The Julia in the title of this blog post is, of course, the passionate cook and unlikely doyen of US television chefs and millions of ordinary Americans, Julia Child. Since the global success of the 2009 Hollywood movie of Julie & Julia starring Meryl Streep, ‘Julia’ has become a household name and is often used as shorthand for helping out with a cooking dilemma.
The title of this post “What would Julia do?’ is taken from a chapter of a book I have just discovered by Seattle, USA-based writer and cook Kathleen Flinn called ‘The Kitchen Counter Cooking School’. Passing a public library as dusk fell in my hometown last night, I popped in for some inspiration. Despite having one book of short stories, one autobiography and one non-fiction book to finish at home, I spotted Kathleen’s book on the shelves and began to browse. I can’t say exactly why this particular paperback book caught my eye in a bookcase full of richly illustrated cookery books, but I opened Kathleen’s at a random page and dived in.
The page I landed on had a photo of students at the workstation of a cookery school, and, having recently spent a great afternoon at a workshop devoted to versatility of California prunes at Rosemary Shrager’s Cookery School in Tunbridge Wells Kent, I was intrigued.
‘What would Julia do?’ is the title from the second chapter of the book and lies between ‘We’ll always have Paris’ and ‘The secret language of kitchens’. A Le Cordon Bleu graduate, Kathleen was inspired to pass on practical cooking tips and simple recipes through teaching in her home city and beyond, for reasons you discover in the first chapter. An experienced journalist, her writing style is welcoming, engaging and inspiring. Concerned about the lack of basic cooking skills in kitchens of singles, couples and families she set about helping nine ‘hopeless’ cooks to let her reorganise their kitchens and teach them the skills they needed to have confidence in the at the stove. The book follows Kathleen and she chops, peels, cooks and teaches her way through the lives of her students. It includes practical cooking tips … from steaming vegetables and trussing up a chicken to spicing up a steak and choosing the fish at the shop counter … to simple recipes …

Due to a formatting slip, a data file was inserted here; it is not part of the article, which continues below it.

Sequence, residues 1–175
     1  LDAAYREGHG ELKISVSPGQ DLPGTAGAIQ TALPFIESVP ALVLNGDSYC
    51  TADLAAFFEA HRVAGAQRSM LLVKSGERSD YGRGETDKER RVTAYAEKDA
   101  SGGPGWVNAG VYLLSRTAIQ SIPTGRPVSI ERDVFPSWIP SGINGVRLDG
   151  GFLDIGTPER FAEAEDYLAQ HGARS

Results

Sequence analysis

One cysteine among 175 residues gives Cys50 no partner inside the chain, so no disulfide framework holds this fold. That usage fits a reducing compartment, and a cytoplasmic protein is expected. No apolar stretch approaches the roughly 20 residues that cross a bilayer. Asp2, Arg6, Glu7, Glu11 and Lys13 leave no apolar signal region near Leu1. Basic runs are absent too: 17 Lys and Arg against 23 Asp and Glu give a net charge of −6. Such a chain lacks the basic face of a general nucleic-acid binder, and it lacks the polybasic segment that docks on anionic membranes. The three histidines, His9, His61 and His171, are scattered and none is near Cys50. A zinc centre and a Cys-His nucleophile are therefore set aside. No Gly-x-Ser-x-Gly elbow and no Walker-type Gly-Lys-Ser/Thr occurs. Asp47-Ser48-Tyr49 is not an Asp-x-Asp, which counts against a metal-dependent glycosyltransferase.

… liven up cooked vegetables with flavour splashes by ‘mixing the ingredients together in a small saucepan, heat briefly, pour onto vegetable and toss to coat. Each recipe coats enough for about four servings’.
Asian Ginger Lime
- Warm 2 teaspoons of sesame oil, then add 1 teaspoon of fresh grated ginger, or a couple of pinches of dried ginger, a few squeezes of fresh lime juice, and ½ teaspoon of soy sauce. Heat through for about 3 minutes.
Garlic Citrus Butter
- Heat 2 tablespoons of butter, add 2 small cloves of minced garlic, a bit of fresh thyme or mixed dried herbs and 1 teaspoon of lemon or orange juice, and sauté for a couple of minutes, until the garlic softens.
- Heat 2 teaspoons of peanut oil, then add 2 finely chopped green onions, 1 tablespoon of crushed peanuts, a couple of squeezes from a fresh lime, and a bit of hot sauce. Gently heat through.
It might be unusual to highly recommend a book having only read a couple of chapters! But I feel I can with this book and will write again when I shut its pages for the final time. I have a feeling my other books at home are going to remain unread until ‘The Kitchen Counter Cooking School’ is back on the library shelves.
- ‘The Kitchen Counter Cooking School, by Kathleen Flinn is published in the UK by Penguin Books.
- Kathleen Flinn’s website can be found here cookfearless.com.
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